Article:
A very common question I get is “How soon after my foreclosure can I buy another home?” There are a couple of answers to this question and they depend on how soon and how badly you need a home.

The first option to getting a new home is to simply pick one and buy it with conventional financing. The lender who will be looking at your credit will be very reluctant to finance another home for you. However, with a large enough down payment (20% minimum) and your willingness to pay a higher interest rate, you could have a new home in 45 days.

Most conventional lenders will not allow financing another home after a foreclosure for as much as 12 – 24 months. It probably has to do with the ideal that if your previous home was lost to foreclosure, why would you be able to afford the new one. While this is good logic, it doesn’t take into account special issues with the original loss such as job loss, divorce, medical issue, or any similar problem that has had a final resolution.

I just heard of a women losing her home to foreclosure because of a job related injury and her employer not keeping her on the payroll. She became permanently disabled and was schedule to collect disability that would have easily paid her mortgage and forestalled the foreclosure. However, the first check was not sent until two weeks after the foreclosure sale and she lost her home. This is not the end of the story. I suggested she go to Legal Aid Services and fight the sale despite being beyond the redemption period. Her case is still pending but she had to get an apartment in the interim.

There are generally a couple of sources for the funds to buy a new home. The first is conventional lenders who will generally look at a foreclosure financing in 12 – 24 months at a rate about 1.25% to 1.5% above current rates for a “B” paper lender, and with a hefty deposit. The problem is that the 1%+ differential amounts to nearly a hundred thousand dollars in excessive interest over the life of the mortgage.

If getting another home is absolutely necessary, and you have a large down payment (35%), hard money lenders will loan for up to one year while you attempt to get another long term loan in place. The cost is usually 4% or “points” to close plus the usual closing costs and 12% to 15% per month. There are seldom pre-payment penalties for obvious reasons, but if there is one it should be for a maximum of three months of interest payments. Obviously, this is an expensive method of owning a home.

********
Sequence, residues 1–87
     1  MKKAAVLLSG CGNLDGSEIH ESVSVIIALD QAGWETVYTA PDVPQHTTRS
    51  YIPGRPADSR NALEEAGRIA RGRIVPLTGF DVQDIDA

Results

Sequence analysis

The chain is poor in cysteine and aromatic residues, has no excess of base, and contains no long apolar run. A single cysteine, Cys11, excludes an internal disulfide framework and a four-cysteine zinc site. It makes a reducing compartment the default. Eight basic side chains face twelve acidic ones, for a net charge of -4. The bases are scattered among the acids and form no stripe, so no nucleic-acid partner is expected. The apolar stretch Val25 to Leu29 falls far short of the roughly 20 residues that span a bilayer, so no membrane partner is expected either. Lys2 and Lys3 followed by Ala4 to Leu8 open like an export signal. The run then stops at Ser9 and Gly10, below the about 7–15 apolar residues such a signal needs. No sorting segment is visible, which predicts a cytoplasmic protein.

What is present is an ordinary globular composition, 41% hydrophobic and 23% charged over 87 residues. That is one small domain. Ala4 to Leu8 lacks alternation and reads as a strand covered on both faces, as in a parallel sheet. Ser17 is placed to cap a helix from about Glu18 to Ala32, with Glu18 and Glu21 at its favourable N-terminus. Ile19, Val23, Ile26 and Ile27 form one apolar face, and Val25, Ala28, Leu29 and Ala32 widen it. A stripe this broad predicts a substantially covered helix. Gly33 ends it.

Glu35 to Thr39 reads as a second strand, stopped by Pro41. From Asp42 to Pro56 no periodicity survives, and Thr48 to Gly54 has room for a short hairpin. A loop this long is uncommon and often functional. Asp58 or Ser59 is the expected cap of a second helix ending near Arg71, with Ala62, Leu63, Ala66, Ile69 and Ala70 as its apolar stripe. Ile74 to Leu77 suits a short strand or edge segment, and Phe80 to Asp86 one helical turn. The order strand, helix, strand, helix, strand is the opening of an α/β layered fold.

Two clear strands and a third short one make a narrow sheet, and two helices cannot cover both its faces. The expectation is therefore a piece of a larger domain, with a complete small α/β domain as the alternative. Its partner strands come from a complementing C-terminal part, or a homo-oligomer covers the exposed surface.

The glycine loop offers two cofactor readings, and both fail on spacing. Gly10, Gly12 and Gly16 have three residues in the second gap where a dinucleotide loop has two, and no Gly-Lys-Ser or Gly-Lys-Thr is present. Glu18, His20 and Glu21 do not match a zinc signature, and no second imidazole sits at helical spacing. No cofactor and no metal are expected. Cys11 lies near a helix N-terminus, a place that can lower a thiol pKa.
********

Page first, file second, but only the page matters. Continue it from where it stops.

The next method requires a small down payment (usually 3%) and no closing costs. You should be able to move in within a week or less and the seller will be happy to work with you. This method is a Contract for Deed or a Lease Option. The Contract for Deed has the home transferred into your name with the financing in place by the seller. The agreement is that you will get permanent financing within a given time period, usually one year. However, your timely payments on the existing mortgage will go a long way with your new lender to get a better financing rate.

The Lease Option method keeps the home in the name of the seller, and gives you an option to purchase the property for as many as five years in the future. Each year the option price (“Strike price”) goes up, but this is negotiable. Should you decide not to buy the home, you will lose your deposit (“option consideration”). This method of getting a home quickly is the most cost-effective of the various options and all the aspects of the lease, purchase, partial credit for each payment toward the purchase price, no initial financing credit requirements, minimal cash, etc. are negotiable with the seller.

The key to doing a lease option is to get one document from the homeowner. The reason is that if you do have to go to court to enforce the option agreement or get your option consideration back, one agreement has been adjudicated by the courts as an equity-type agreement. This means that with every lease payment you make, you build equity in the property. If you sign two agreements, you can easily be evicted from the property and lose your option consideration with few or no grounds for recourse.